2 Dog Digital

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A dog's eye view of the modern world and the technology that surrounds us.

Phishing 101

Welcome to Tax Day 2019, or as we like to say here, the start of the Phishing season. What is phishing? Phishing is attempt by an individual to gather sensitive information from you, usually for their own personal gain. At this time of the year, the two most common ways they do this is through either email or a phone call. They especially love this time as hackers know that in the US, everyone is afraid of the IRS.

The first thing to remember is that the IRS will NEVER call you or have the local sheriff call you. They will send you letters telling you that you owe. If someone does call threatening you, write down the number and hang up, even if the caller ID says it is the IRS or the FBI or a myriad of other governmental agencies. They will use pressure tactics saying stuff like “we are on the way to arrest you and the only way to stop them is to give your credit card over the phone”. If you are ever unsure, you can call your local IRS office and speak to someone (of course, during this time of the year make sure you use the bathroom, make a sandwich and prepare to wait).

Phishing emails are more common. The most common ones we are seeing right now are from Amazon or FedEx or any other shipping company. Something along the lines of “your package has been delayed, click here for details”. How do you know it is not real? There are many ways. Check the email address of the sender…does is end in amazon.com? Now remember, this is not the display name but the actual email address. It is very easy for anyone to say their name is Amazon but faxing the original email address is much harder. As an example, I received one yesterday that said is was from Amazon but the email address came from Amazon1080@gmail.com. I would think that by now Amazon has gotten big enough not to have to use a Gmail address.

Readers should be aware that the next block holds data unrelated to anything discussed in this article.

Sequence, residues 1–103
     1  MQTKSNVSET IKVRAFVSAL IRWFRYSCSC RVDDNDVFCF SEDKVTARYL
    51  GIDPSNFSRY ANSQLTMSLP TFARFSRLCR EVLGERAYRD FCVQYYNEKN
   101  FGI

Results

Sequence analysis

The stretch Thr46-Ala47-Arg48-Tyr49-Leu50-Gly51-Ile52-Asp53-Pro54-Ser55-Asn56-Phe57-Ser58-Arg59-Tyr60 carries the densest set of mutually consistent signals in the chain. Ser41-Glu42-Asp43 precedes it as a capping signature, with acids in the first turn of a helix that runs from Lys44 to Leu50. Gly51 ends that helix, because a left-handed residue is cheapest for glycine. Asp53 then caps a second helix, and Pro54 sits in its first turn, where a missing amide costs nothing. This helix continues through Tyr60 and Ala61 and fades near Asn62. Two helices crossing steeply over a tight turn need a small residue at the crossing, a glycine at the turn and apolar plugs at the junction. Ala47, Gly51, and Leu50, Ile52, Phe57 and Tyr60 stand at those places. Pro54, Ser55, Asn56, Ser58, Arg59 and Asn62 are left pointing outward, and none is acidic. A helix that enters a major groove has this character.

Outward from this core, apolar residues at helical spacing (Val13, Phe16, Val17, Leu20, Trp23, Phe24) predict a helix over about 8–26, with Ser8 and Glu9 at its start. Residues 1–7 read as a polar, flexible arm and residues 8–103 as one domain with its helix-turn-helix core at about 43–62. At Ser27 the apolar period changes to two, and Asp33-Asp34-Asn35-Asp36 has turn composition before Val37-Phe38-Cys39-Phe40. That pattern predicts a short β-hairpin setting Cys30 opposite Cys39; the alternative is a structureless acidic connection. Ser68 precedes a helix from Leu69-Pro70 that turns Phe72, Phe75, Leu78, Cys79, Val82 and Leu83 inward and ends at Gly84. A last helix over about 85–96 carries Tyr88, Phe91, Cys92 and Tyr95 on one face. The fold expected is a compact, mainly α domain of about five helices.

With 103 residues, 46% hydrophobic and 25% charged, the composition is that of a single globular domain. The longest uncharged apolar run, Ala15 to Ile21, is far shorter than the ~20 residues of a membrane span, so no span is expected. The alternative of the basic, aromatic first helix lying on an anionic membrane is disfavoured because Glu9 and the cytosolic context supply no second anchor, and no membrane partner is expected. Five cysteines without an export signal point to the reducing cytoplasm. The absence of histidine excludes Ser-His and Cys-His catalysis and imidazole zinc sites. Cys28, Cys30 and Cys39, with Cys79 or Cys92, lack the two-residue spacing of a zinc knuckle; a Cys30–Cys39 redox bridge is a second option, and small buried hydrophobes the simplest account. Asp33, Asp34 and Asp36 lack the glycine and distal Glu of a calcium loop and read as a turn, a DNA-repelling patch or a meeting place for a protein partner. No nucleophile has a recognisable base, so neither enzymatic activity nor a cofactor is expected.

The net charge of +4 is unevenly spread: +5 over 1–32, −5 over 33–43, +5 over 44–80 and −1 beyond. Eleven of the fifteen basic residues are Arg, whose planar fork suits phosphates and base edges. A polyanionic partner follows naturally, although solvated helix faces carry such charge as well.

Just like a fish, not every tasty worm is worth pursuing.

Something else to look at it is the link they are sending you to. Many of these emails will have buttons on them that say things like “Click Here”. If you hold you mouse over these buttons for a moment in just about any of the major email readers, the URL you are being sent to will popup. If you are expect Amazon again and they send you to a link at jayscutehamsters.ru, then you probably shouldn’t click on it. The simplest rule of thumb is if you are not 100% sure, do not open any emails and call your support department. No anti-spam program is 100% perfect and as such, please be careful.

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